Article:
FF – The Lane

Still trying to catch up with last week’s FF, but somehow it’s Wednesday again. I am beginning to think I should back off Friday Fiction (and indeed blogging) for a bit, but it’s the healthiest addiction I can find, and I’m worried once I stop I would find it hard to start again. Thank you for bearing with me while I struggle to reply to comments (I promise I still read and appreciate them all) and to read many other stories.

This week’s picture is from Amy Reese. I wanted to do something novel with it, but I’m not sure I managed that. I hope you enjoy my story anyway.

amy-reese

The Lane

The lane at the back of the school wasn’t new, Lauren knew that. People had been walking dogs and sharing needles, bottles or bodily fluids here for decades, centuries even. Lauren herself had walked down it hundreds of times before. It was the quickest way from Mrs McCormac’s French class to McDonalds’ French fries last year, and it was where she’d tried her first cigarette.

But now she couldn’t get there. Every step closer was a mile, with leaden legs, through treacle thoughts.
The lane was still just a lane, but Lauren was no longer just a girl.

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19 Comments

Filed under Friday Fiction

19 responses to “FF – The Lane

  1. Jen, your last middle paragraph really made me feel a slowing down, a struggle to get to what? At first I felt as thought it was a sci-fi time warp sort of thing. Then I wasn’t sure if she were still a girl or a grown-up, reliving some experience and unable to concentrate because? Once again, I was left hanging. Is she having a mental breakdown or a physical one or both? Or is it something else entirely?

    You set up the feeling, then let us figure out our own ending and I’m OK with that. 🙂

    janet

  2. This is sad, I get the feeling she was raped or robbed on those stairs.
    Great story and lovely to see you again.

  3. Dear Jennifer,

    Mrs. McCormac’s French class to McDonald’s French fries…great line.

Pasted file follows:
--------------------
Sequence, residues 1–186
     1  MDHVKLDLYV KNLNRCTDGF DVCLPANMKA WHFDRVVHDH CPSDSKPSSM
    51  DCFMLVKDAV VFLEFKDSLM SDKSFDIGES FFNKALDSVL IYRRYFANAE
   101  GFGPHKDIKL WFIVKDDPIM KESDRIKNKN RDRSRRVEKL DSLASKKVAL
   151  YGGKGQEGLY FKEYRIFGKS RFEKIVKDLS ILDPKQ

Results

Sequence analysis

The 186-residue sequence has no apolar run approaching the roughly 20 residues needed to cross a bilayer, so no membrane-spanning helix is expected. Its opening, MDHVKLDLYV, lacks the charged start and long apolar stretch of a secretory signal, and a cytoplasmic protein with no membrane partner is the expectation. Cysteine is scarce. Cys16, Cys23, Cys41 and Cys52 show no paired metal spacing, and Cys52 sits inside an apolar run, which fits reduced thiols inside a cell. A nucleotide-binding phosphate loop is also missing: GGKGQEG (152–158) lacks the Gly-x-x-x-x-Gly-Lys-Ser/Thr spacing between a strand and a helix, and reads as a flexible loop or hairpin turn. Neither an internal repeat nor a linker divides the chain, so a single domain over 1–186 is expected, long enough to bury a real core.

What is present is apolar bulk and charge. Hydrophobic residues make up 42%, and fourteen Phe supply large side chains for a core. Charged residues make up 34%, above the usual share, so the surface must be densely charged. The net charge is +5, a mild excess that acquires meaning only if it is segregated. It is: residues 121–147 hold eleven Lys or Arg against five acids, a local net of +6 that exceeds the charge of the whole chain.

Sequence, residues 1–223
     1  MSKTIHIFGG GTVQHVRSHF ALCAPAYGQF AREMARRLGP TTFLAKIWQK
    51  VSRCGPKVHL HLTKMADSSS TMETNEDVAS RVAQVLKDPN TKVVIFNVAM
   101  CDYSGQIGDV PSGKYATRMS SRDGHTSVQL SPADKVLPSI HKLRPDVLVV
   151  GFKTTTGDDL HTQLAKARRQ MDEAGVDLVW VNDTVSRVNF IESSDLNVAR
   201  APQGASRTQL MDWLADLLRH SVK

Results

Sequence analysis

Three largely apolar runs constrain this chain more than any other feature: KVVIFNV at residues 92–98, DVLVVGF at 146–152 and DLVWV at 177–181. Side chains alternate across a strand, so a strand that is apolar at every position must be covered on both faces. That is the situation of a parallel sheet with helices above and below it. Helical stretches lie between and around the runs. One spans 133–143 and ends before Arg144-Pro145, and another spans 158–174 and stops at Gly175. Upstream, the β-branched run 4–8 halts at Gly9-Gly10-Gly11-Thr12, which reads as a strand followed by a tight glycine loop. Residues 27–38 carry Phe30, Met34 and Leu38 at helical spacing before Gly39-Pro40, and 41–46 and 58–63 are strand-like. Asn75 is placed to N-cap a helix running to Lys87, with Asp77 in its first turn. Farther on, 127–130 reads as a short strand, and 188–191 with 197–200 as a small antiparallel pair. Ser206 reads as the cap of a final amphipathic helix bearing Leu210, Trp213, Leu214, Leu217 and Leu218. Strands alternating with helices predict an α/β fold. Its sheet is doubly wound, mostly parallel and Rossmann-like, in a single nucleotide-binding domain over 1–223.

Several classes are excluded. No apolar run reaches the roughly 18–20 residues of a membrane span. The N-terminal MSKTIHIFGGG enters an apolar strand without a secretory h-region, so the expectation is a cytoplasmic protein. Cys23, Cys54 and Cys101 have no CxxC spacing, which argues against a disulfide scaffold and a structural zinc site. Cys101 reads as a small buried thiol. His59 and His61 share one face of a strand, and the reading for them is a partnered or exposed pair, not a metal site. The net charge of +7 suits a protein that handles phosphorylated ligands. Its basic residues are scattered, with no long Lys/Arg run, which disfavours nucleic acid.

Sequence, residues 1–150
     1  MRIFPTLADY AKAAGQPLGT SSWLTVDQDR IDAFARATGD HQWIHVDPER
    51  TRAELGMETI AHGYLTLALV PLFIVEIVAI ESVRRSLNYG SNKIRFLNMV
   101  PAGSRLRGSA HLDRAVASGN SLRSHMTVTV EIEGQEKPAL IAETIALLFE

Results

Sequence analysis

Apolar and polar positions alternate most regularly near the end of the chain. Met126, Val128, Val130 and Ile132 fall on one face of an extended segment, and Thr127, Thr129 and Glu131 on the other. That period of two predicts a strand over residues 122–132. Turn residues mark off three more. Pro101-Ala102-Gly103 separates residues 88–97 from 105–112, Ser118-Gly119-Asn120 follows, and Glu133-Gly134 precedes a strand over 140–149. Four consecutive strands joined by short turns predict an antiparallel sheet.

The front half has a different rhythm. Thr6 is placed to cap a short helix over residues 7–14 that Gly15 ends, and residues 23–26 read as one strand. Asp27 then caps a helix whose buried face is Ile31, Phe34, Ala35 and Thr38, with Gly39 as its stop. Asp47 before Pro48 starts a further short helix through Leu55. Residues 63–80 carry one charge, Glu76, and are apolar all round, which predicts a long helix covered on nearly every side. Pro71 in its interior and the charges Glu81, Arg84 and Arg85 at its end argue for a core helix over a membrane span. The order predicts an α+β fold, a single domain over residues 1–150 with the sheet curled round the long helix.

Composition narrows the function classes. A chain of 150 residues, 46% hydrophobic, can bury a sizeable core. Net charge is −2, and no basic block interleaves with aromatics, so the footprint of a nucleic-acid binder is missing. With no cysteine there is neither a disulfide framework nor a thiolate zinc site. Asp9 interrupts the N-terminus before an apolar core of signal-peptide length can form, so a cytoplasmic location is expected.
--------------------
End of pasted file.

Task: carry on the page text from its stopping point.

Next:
You do leave the reader wondering what has happened to her. I can only imagine. Well done.

    Shalom,

    Rochelle

    PS Whenever you have the time FF is here. 😉

  4. A great story Jennifer. Loved the intrigue you created that has made the lane a menacing place for Lauren. You’re right not to tell us what it is – you’ve given me enough for my own imagination to fill in the gaps. Thought the sentence,”It was the quickest way from Mrs McCormac’s French class to McDonalds’ French fries last year” was very clever, (though I did wonder if the words ‘last year’ were necessary?)
    Also the line – “Every step closer was a mile, with leaden legs, through treacle thoughts.” – confused me a little. Maybe ‘Every step seemed like a mile …’?
    I thought the last line was a great ending.

  5. I’m going to comment before I read anyone else’s reply so I’m certain my reply is coming just from your story as it.
    The imagery of description for the lane is so detailed…and Lauren’s use of it too. You’ve juxtaposed the very unsavory with the innocent walking of Lauren. The ending….slowing…leaden legs…every step a mile…and Lauren no longer “just a girl.” Somehow, I feel that the unsavory caught up with this sweet young girl — perhaps she was raped? Taken advantage of?
    You may not have meant that…..and that’s ok. I think sometimes the power of a story is the leap that the reader makes because of your words. So, actually, don’t think I’ll read the other responses. I like leaving where I’m at with it.
    A big like from me.

  6. I tried not to read the other comments – Feels to me like something happened to her along that lane… thanks for leaving it a mystery. The “last year” solidified the notion of time passage.

  7. Without even mentioning it you made it clear. Beautiful writing.

  8. Excellent description and build-up. The reader freezes with her, and I like how you don’t tell us what exactly happened. I was wondering: shame? abuse? both? But I think it can only mean abuse, the way you wrote it.

  9. I liked the first cigarette – she’s real, not a goody goody. Then something happened that crossed a line.
    Good story.

  10. Oh dear – something really bad happened there.

  11. I wonder if that cigarette has anything to do with the change in her.

    Great story! I hope you’ll read mine here.

  12. I believe there was a shirt cut like this in every school district. It’s not much of a stretch to believe that it could be a place where a young girl might be forever changed. I’ve been down those steps and imagined those events in my own youth.

  13. Greetings!
    I imagine this conjured memories of some location near a school for everyone where kids went to hang out and get in trouble! The story and it’s open-ended question of what happened work well. There are several sentences early on seemed to drag, slowing the pace. When reading it a second time, I also wondered how it would work if the line ending with the first cigarette was a bit more vague. For me, it was a rapid transition from what seemed a nostalgic memory to reluctance to head down that path. Overall, an intriguing story. And I loved the line about French class and French fries.
    Happy trails. 🙂

  14. I see the ‘no longer just a girl’ ending as well as her fear of returning to the place as clues that she had been raped in the place. It’s a very sad, yet very well written story!

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